A study has found that the lakes and seas of Saturn's largest moon Titan, comprising liquid hydrocarbon are very calm. These findings point toward the future missions of Titan being smooth for the landing of spacecraft.
Three largest bodies of fluid on Titan which are present in the northern hemisphere are found to have minute waves. These waves measure around a centimetre in height and 20 centimetres in length. The seas and lakes of Titan are also found to consist of very cold methane and ethane which are placid enough for spacecraft to land on its surface.
The lead author of this study was Cyril Grima, who said: "There is a lot of interest in one day sending probes to the lakes, and when that is done, you want to have a safe landing, and you do not want a lot of wind. Our study shows that because the waves aren't very high, the winds are likely low," Gizmodo reported.
The data collected by NASA's Cassini spacecraft was analysed by Grima and the cohort of researchers to understand the three lakes of Titan better.
The three lakes of Titan -- Ligeia Mare, Kraken Mare and Punga Mare -- are made up of liquid hydrocarbon.
Here are some interesting things to know about the lakes and seas of Titan:
1. Fluid-filled bodies comprising of ethane and methane exist on Titan, the large ones are known as maria (seas) and the small ones as lacūs (lakes).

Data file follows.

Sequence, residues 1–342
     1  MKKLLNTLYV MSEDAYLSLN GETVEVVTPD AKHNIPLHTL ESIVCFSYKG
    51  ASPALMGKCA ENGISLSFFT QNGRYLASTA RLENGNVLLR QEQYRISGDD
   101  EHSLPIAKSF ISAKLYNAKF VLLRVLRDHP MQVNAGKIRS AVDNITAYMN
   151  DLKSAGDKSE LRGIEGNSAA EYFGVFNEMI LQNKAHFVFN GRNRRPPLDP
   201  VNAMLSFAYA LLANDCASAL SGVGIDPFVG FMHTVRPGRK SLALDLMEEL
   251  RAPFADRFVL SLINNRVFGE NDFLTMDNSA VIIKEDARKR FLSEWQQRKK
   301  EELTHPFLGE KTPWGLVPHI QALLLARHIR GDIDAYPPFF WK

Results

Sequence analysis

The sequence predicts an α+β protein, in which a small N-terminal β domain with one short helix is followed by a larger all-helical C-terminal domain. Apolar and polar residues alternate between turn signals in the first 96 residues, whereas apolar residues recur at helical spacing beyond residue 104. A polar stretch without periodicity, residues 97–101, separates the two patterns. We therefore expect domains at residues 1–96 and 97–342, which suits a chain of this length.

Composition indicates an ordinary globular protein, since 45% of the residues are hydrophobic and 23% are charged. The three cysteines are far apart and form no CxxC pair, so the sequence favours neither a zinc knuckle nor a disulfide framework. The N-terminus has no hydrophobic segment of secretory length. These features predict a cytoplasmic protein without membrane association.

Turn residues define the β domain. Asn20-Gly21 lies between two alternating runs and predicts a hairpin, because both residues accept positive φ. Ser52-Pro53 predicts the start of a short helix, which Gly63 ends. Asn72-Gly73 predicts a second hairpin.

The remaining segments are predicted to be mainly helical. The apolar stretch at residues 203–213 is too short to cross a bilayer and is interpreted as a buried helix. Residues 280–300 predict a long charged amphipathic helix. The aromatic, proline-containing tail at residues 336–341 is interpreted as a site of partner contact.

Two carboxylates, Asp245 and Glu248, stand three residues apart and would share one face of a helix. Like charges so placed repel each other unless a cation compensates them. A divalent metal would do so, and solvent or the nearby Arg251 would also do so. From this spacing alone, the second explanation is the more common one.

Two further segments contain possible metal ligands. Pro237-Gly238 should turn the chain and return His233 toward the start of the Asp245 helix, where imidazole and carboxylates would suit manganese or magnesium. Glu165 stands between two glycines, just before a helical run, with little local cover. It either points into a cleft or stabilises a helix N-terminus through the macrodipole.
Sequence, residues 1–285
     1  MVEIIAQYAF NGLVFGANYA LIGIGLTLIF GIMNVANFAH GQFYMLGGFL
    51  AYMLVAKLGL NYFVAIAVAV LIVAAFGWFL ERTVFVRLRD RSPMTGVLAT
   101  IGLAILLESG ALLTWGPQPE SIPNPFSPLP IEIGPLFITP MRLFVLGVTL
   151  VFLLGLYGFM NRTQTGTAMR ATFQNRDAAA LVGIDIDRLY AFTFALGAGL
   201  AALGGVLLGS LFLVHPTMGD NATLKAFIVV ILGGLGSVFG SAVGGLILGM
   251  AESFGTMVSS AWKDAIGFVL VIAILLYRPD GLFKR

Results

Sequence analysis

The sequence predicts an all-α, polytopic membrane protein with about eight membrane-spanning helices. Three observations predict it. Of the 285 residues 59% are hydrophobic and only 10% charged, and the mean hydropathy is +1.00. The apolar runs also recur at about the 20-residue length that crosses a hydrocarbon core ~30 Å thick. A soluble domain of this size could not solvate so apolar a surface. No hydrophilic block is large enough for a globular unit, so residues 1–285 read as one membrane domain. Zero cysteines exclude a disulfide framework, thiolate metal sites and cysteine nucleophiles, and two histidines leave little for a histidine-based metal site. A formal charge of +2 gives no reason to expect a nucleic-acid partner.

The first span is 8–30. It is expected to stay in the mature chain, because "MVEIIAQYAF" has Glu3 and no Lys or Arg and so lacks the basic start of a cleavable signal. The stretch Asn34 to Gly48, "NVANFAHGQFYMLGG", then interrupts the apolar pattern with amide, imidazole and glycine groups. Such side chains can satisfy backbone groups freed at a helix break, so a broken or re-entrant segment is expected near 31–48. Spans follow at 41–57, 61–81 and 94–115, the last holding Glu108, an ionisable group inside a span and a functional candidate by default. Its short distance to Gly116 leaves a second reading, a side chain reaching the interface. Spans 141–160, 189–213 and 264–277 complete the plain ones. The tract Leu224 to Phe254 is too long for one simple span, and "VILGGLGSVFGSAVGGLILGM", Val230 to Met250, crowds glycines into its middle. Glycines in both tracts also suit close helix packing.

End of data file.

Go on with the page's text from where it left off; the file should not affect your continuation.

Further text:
2. The biggest body of liquid on the surface of Titan is the Kraken Mare, it is as large as the Caspian Sea and was discovered by the Cassini probe in 2008.
3. The second largest body of fluid present on Titan's surface is Ligeia Mare, which is found to be bigger than Lake Superior, the largest lake in North America. It is believed to have an oil reserve which is 50 times greater than that of the Caspian Sea. It is present in the north polar region of Titan.
4. The third biggest body of liquid present on the ringed planet's largest moon Titan is Punga Mare, which is present in the north polar region of the natural satellite.
5.Though there are no plans to send any mission to Titan anytime soon, the astronomers are working on boats and submarines to explore the mysterious seas and lakes of the moon.